So, in my ignorance I decided to ask about fees for having her cremated and getting the ashes back so that we could take them to our new home and bury them in the garden under a tree - so the kids got a kind of "ceremony".

Holy Pig!

For the full cremation on her own, presumably lying on a bed of pure silk with gold trim, returning of the ashes in a beautiful urn, made of platinum I expect, with her name engraved on the cask - they wanted 50 quid! Fifty bleeding smackeroos!!!!!!!
It'd cost me less to unblock the toilet if she got stuck in the u-bend!*

Now, I love my pets, but it'll be cold day in hell when I'll fork out five times the price I paid for the animal just for a pretty box, Little Miss Beehive could probably make a better job of the urn with her gel glitter pens and a shoebox!

This sentiment was shared by my friend who had recently been quoted 80 euros to neuter her boars, no, not the pair, just one boar! 160 Euros for the pair, that's 40 euros per bollock!
Her deduction was that if they fought, she'd separate them as it'd be cheaper to buy a new hutch than remove their exceedingly small pin head sized nuts - I think they actually have to bring in a vet from Lilliput to perform the procedure!!!

However, for the simple, commoners cremation with others and scattering of the ashes in the local pet cemetery, it's just 18! I seriously don't think Roxy is in any fit state to care whether she's sharing her slab with several others or if she's getting her own choice of readings and hymns, however, Mr Beehive would remain married to me for a lot longer if I went for this option, not to mention my bank manager*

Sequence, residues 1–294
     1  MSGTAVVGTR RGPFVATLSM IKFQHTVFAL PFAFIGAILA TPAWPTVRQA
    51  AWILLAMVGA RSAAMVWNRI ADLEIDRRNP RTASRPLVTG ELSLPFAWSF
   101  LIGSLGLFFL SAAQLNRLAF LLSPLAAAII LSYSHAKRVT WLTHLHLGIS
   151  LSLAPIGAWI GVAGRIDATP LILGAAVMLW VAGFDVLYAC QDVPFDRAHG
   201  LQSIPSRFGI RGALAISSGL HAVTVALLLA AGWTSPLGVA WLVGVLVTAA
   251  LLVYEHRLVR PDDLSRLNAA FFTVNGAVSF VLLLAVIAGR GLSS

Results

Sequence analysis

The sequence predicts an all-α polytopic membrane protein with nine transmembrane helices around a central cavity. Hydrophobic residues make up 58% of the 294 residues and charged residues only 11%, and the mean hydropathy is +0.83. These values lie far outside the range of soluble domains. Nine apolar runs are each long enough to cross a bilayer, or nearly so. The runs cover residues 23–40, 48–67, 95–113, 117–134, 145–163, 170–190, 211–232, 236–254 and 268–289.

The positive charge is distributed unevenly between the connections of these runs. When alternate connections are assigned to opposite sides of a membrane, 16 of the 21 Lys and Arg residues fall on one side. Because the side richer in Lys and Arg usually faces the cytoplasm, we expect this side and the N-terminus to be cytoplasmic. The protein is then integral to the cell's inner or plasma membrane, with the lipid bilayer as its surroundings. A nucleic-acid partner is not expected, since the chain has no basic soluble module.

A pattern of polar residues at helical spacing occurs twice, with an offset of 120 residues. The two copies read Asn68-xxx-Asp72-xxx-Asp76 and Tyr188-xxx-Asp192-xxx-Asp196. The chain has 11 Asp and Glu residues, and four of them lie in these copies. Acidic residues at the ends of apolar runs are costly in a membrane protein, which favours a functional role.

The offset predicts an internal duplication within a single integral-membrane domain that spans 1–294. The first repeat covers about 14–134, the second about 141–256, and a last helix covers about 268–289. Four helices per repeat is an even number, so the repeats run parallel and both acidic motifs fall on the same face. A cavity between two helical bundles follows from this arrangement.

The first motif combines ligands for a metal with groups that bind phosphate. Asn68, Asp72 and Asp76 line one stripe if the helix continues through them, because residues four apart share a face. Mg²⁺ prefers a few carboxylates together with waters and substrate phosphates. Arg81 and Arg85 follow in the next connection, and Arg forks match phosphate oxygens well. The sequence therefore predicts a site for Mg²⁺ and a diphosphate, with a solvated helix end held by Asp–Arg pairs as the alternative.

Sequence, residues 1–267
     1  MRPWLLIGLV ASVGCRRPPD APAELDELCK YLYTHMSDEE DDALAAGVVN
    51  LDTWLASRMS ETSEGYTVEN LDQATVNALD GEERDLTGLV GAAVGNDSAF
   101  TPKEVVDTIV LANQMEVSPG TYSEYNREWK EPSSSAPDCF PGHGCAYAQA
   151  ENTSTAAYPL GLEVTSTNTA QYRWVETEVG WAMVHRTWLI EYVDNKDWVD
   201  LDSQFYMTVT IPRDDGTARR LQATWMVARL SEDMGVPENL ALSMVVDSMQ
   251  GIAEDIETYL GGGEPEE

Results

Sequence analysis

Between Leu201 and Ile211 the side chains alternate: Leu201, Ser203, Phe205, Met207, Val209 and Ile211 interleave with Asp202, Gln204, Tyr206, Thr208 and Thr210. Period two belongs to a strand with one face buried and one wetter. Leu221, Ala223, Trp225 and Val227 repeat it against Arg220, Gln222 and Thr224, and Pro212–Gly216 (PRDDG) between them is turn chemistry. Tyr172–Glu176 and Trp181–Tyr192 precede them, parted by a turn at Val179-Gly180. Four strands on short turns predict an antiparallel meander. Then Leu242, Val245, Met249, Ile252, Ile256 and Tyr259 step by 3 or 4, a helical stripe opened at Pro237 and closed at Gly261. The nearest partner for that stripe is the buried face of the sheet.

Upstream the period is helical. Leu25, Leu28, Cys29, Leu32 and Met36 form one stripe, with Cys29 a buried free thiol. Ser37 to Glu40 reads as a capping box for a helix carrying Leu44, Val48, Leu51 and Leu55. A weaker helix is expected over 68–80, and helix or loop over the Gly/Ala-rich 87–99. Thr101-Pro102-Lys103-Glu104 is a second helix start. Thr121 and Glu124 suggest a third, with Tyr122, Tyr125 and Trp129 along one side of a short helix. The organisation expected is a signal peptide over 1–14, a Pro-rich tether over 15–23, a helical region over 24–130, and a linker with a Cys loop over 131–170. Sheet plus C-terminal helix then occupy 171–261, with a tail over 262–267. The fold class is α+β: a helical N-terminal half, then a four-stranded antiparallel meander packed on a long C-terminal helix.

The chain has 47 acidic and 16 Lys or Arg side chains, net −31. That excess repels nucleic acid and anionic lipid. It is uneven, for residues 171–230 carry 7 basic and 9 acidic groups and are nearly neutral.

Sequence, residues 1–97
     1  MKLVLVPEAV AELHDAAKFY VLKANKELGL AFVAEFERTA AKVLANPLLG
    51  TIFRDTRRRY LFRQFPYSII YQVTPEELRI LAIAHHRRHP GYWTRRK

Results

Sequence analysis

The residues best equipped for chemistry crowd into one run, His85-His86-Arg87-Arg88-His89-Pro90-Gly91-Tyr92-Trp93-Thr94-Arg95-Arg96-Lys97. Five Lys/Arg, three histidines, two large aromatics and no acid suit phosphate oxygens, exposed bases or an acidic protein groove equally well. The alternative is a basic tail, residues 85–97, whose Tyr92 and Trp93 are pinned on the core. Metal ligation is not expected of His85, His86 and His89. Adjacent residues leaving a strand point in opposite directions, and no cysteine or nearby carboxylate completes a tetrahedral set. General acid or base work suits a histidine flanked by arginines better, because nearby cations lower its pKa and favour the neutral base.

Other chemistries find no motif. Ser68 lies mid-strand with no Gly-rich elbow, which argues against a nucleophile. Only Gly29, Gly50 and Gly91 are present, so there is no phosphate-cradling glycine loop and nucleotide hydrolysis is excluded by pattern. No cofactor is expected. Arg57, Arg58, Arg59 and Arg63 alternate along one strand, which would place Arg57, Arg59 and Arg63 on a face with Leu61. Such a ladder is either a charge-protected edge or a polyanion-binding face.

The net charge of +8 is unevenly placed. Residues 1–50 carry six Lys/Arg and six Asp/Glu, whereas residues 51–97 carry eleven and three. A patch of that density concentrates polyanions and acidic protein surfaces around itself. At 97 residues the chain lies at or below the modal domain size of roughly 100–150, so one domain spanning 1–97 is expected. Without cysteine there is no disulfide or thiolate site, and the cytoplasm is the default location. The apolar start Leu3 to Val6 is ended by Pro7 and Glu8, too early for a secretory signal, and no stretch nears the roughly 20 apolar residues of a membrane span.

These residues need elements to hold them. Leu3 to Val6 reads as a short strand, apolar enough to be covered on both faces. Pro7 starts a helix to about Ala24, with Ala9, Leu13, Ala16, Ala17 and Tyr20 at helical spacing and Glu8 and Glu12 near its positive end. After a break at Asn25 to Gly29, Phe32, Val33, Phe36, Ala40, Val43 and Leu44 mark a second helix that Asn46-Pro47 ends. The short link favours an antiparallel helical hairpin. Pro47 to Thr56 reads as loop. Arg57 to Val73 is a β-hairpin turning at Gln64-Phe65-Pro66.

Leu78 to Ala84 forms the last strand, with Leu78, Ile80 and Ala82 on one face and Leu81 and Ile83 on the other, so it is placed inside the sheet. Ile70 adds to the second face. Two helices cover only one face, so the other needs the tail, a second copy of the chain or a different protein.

So, having taken the remaining piggie, Hermione, to the vet to ensure she was fit and well and not carrying the same sickness, we have left Roxy and a credit card slip in the capable hands of our vet, we've learned a very harsh lesson about buying guineas from large pet stores and will be treading carefully when we purchase our playmate for Hermione, taking our vet's advice and going to the place she has suggested and getting a piggie that has been properly checked over from the off set.***



RIP Roxy.




* disclaimer  - I do not, have never and will never flush any animal down the loo, I even buried the bloody fish, but the thought did cross my mind I am ashamed to say- with the fish!!! - NOT the piggie!
**disclaimer, I do not engage in polygomy and am not also married to my bank manager, I just have an appalling ability to phrase a sentence correctly!
***I had done the "text book" check myself when I picked her up from the store.

Sunday, September 12, 2010

Living in a Material World.

I was listening on the radio yesterday about travellers . The interviewee, Jake Bowers, was talking about the last several years of his life whereupon he's lived with travelling communities from the Northernmost parts of Alaska, to the Bedouin tribes in the Sahara and beyond. One comment he made that stuck in my mind more than anything was about possessions. Travelling communities, Romanies, Tuareg, Masai, whatever name they are called in the part of the world they descend from, all have one thing in common, they must travel light and thus, people, family and each other are of more importance than innanimate objects which take up all important space.